First, let Mike Maddux work the pitching staff. Whatever Mike says should go on this team. He's better than Matheny ever will be at managing pitchers. Make it seem like a game. Instead of "Simon says", it's "Maddux's way".

Second, treat Jose Oquendo and Willie McGee like lifelines to a time and place where the team had good managers at the lead. Ask them questions, take a lot of notes, and stay out of their way. You are the manager, but definitely not the smartest guy in the room. If you are Batman, they are Alfred Pennyworth and Lucius Fox. Without them, you are just a bunch of muscles running through the tunnels with excellent hair.

Third, pick a lineup and stick to it. Certain parts will change, but keep the core intact. Put Carpenter wherever you desire, but keep him there. Get some continuity going.

Fourth, make sure the bullpen arms have roles before May 1. They need to...oh wait. Just listen to Maddux. He'll know what to do.

Fifth, don't complain to the media about the fans. It doesn't end well.

Look, you can point to the win-loss record all you want, but it's old news. The past two years have featured mediocre to fundamentally flawed baseball teams, and that is tied to a manager. A manager's worth in wins will be up for discussion for the next decade, but he should be the brain child of how a team plays and adjusts. If the manager can't adjust, how can the team make the necessary changes?

Here's another thing. The Cardinals were terrible in one-run games and divisional games last year, which are two key factors in a manager's strength. If Matheny can't be a good shot caller in close and tight games, I wouldn't expect the overall record to sit too much higher.

Do I think Matheny can make the improvements? No. Why would he change his ways now? The man is more stubborn than a fitted sheet, and seems to be protected from up high by the suits. A 1,000 games into his managerial career, and he makes the same mistakes as he did on day one. But how safe is Matheny's spot?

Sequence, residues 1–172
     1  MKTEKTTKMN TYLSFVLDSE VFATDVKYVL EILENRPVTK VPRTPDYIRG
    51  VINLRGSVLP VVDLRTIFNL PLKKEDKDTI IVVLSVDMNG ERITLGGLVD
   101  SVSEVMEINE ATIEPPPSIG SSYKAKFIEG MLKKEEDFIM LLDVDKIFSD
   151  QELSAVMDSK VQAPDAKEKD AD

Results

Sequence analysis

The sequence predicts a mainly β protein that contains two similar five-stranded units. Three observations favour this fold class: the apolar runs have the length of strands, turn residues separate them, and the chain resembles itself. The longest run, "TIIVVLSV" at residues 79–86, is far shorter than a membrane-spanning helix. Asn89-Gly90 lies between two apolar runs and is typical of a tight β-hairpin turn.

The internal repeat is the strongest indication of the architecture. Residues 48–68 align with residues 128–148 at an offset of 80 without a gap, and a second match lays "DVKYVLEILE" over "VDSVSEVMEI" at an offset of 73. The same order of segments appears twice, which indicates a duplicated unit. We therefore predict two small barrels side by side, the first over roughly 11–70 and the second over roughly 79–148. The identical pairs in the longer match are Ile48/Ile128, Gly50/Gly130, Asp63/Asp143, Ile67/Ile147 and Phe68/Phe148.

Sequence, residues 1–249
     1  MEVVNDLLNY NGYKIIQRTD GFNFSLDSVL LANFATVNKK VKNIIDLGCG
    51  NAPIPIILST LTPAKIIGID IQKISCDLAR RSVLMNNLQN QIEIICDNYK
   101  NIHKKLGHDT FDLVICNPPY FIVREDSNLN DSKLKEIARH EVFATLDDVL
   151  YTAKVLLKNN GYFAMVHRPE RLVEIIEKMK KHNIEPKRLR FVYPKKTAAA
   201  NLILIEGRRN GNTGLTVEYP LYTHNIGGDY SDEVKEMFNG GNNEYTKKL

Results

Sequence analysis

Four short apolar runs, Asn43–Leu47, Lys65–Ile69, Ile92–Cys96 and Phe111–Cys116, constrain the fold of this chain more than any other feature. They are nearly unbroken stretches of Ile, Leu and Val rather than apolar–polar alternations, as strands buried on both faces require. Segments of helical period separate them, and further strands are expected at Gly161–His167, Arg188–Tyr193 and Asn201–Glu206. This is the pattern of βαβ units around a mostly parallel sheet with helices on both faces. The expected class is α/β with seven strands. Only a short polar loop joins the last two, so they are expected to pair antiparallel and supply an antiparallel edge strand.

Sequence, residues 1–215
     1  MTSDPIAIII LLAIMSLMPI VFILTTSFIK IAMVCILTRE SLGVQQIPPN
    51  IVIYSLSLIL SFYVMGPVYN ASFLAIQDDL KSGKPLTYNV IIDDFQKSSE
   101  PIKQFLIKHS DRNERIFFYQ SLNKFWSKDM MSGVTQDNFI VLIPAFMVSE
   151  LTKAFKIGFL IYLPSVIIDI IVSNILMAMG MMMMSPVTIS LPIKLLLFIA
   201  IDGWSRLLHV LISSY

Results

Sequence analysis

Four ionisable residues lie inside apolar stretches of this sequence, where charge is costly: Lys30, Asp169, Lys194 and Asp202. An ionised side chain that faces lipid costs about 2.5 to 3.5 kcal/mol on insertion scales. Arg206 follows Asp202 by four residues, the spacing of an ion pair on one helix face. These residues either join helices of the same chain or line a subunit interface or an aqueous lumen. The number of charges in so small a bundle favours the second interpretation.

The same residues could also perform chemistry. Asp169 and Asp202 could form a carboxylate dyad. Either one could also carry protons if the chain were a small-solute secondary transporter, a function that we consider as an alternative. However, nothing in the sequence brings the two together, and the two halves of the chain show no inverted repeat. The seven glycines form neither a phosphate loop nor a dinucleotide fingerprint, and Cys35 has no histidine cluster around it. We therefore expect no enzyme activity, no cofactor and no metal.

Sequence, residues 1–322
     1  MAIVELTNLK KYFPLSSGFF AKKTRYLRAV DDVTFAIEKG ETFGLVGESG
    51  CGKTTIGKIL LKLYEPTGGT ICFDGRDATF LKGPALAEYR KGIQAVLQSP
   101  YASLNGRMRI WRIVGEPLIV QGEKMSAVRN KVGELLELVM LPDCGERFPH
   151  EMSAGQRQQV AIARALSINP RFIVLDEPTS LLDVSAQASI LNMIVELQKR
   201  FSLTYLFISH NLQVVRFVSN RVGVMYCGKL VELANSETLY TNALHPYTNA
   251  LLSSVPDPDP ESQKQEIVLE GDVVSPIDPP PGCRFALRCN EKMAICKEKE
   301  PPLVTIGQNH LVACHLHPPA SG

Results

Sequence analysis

If the Cardinals derail this season and miss the playoffs, I'd expect Matheny to lose his job. You can't have $3.5 million in the seats annually with a $100 million-dollar payroll, and miss the playoffs three years in a row with two wildcard spots in play. It's a bad look for a classy organization like the Cardinals.

Protected or not, 2018 is key for Matheny. Outside of Adam Wainwright and Yadier Molina, these are Matheny's players. This is his team, so he needs to lead it correctly for once. Get out of your own way and stop trusting your gut. However, a new roster doesn't exactly make a guy feel too safe.

The huge success Matheny had early on is a distant memory now. The Cardinals invested dollars in players like Dexter Fowler and acquired explosive talents like Marcell Ozuna, but there is a slow burn youth movement happening as well. The team is changing over, which means a managerial change wouldn't be a sudden move.

In September, I wrote that Matheny should be fired. Nearly seven months later, my opinion hasn't changed all that much. I don't think he can adapt or improve enough to be a World Series winning manager-but I'd love to be wrong. Comeback stories are as sexy as a bowl of double-fried chicken wings at Sybergs, so bring it on, Mike.

At the age of 47 staring up at the Cubs and Milwaukee Brewers in the division, Matheny's Cardinals have their hands full. The lineup has thump, the rotation has more questions than answers, and the bullpen is an an island of misfit toys-but the real question going into this season is how many games will the manager cost the team?

Matheny is a good guy, but can he be a good manager? I have serious doubts, but let's play ball and find out. This much is true: Matheny is in the best possible situation with the best possible support system since he's been a Major League manager. There are no more excuses.

What do you think, Cardinal Nation?